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Tristes tropiques

Levi Strauss

Claude Lévi-Strauss has died, aged 101.

Lévi-Strauss fled Vichy France in 1940, having been dismissed from his job due to Vichy racial laws. The New School for Social Research in New York, a reconstituted version of the Frankfurt school set up to rescue German refugee intellectuals, found a job for him, and the Rockefeller Foundation had a programme to rescue European scientists and thinkers. He made his way to Marseilles, and set sail for freedom in March 1941.

Other passengers on the boat, the Captain Paul-Lemerle, were Victor Serge, Andre Breton and Anna Seghers. The three of them were among the anti-fascists rescued by the great Varian Fry, a story told in his colleague Mary Jayne Gold’s Crossroads Marseilles 1940 (1980, now out of print) and more recently Rosemary Sullivan’s Villa Air-Bel (2006 HarperCollins).

Seghers was a German Communist writer. She had fled Nazi Germany for France, and was active in the exiled German writers union, which met at the Cafe Mephisto on Boulevarde St-Germain. Seghers had slipped across the line from German-occupied France to Vichy France the same month that Walter Benjamin took his life after being turned back from Spain in his bid to get to New York.

She had played a major role in the Congress for the Defence of Culture, held in Paris in 1935. At the Congress, Henri Poulaille, a French anarchist writer and editor, Magdelana Pa, a French Trotskyist, and Gaetano Salvemini, an Italian socialist, raised the question of Victor Serge’s incarceration in the Soviet gulag. (Serge was exiled in Orenberg at that time, the subject of his book Midnight in the Century.) Seghers, disgracefully, said this was a distraction: “When a house is burning, you can’t stop to help someone with a splinter in their finger.” It is not recorded, as far as I know, what conversation they had on the Captain Paul-Lemerle.

The Captain Paul-Lemerle, which had been built in 1921, landed in Martinique and then in Puerto Rico. At the latter, Lévi-Strauss had document trouble, and the Americans almost stopped him from proceeding. The fortunage intervention of another anthropologist, Jacques Soustelle, who happened to be PR in the service of De Gaulle’s Free French, rescued him. Levi Strauss went on to New York, where he was known as Claude L. Strauss, to avoid confusion with the popular jeans. Once the war was over, he worked as cultural counsellor of the French Embassy in Washington, before moving back to France in 1948. The first, very short, version of his wonderful memoir, Tristes Tropiques, was published in Encounter, the CIA-sponsored journal of the anti-Stalinist left.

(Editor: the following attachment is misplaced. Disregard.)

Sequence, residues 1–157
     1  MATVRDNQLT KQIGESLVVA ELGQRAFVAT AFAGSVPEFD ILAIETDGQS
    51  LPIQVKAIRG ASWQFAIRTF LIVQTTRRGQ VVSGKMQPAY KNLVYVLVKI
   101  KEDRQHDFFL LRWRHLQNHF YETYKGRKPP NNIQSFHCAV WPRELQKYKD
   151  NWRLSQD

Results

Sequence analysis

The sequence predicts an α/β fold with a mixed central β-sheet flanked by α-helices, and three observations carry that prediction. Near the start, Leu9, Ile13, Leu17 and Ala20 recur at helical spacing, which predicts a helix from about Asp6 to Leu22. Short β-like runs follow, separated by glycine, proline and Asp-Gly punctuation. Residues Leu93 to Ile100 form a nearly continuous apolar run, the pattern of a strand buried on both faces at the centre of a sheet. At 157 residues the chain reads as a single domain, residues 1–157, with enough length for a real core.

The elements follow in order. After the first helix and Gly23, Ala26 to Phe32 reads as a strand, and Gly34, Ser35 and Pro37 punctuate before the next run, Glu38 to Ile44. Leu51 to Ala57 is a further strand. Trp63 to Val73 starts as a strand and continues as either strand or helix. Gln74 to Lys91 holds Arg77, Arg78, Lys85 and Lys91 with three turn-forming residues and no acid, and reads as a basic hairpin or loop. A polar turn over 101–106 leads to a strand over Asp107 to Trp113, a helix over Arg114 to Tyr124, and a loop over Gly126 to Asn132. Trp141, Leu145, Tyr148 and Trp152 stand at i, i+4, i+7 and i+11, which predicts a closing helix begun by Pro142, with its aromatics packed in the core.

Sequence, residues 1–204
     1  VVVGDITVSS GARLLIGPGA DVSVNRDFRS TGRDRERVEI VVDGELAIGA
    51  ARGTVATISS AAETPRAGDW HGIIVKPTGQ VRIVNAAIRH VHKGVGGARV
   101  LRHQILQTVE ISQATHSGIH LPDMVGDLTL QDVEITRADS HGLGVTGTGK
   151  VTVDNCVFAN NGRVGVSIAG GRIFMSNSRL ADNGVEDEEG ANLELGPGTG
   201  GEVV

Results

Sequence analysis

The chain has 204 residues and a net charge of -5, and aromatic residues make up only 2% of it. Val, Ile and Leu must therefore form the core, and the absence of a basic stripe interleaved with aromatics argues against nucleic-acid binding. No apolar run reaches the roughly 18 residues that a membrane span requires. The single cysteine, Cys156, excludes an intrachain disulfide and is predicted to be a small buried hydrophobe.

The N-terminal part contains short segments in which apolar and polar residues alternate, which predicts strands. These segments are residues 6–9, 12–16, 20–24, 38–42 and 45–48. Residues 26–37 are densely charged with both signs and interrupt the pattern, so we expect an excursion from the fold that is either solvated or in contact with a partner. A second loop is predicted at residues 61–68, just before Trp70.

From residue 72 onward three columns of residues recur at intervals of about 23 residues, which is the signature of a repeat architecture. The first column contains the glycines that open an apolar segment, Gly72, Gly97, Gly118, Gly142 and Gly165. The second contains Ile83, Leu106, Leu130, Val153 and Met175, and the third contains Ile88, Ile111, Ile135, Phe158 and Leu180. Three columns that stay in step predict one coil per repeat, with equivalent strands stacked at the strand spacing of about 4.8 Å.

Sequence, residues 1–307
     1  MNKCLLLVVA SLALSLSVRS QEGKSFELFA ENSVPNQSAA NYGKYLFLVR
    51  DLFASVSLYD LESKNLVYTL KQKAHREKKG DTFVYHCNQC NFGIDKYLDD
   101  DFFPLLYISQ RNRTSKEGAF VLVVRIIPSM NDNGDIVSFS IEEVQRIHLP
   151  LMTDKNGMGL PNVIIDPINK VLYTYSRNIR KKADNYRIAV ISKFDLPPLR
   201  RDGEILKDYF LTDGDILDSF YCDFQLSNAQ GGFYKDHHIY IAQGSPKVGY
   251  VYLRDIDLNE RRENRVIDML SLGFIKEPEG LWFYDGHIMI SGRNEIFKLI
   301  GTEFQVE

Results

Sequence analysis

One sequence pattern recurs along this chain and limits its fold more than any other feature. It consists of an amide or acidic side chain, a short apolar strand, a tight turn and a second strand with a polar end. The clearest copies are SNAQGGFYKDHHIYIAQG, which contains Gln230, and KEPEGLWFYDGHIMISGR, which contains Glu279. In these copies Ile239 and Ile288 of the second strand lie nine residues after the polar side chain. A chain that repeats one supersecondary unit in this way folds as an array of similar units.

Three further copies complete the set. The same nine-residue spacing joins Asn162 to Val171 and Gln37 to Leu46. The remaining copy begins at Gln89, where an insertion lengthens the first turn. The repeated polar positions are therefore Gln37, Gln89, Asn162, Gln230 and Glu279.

Serge’s journey was not straightforward. He went to

Mexico (on a visa granted by President Cardenas hiniself), via Martinique (where he was detained in a camp for a month), Ciudad Trujillo and Havana. He reached Mexico in September 1941, and was immediately the object of violent articles, threats (to his life) from local and refugee Stalinists. (Jean Riére)

Seghors also went on to Mexico. Her anti-fascist novel, The Seventh Cross, which she had written in France, was published in English in New York and in German in Mexico. It has been serialised by a Soviet journal, International Literature, but the serialisation abrubtly halted with the Hitler-Stalin pact, when anti-fascism was no longer a Stalinist cause. Her Transit Visa, published in 1944, was a fictionalised account of the escape from France of the anti-fascist intellectuals, and the complex choreography of accidedents, lucky breaks and dishonesties by which they were able to obtain visas – “The Battle of the Visas” was Serge’s phrase for this.

Breton spent time in Martinique, then went on to New York.  He returned to France in 1946, and was active in radical politics until his death.

Added: Pierre Bourdieu on Levi-Strauss.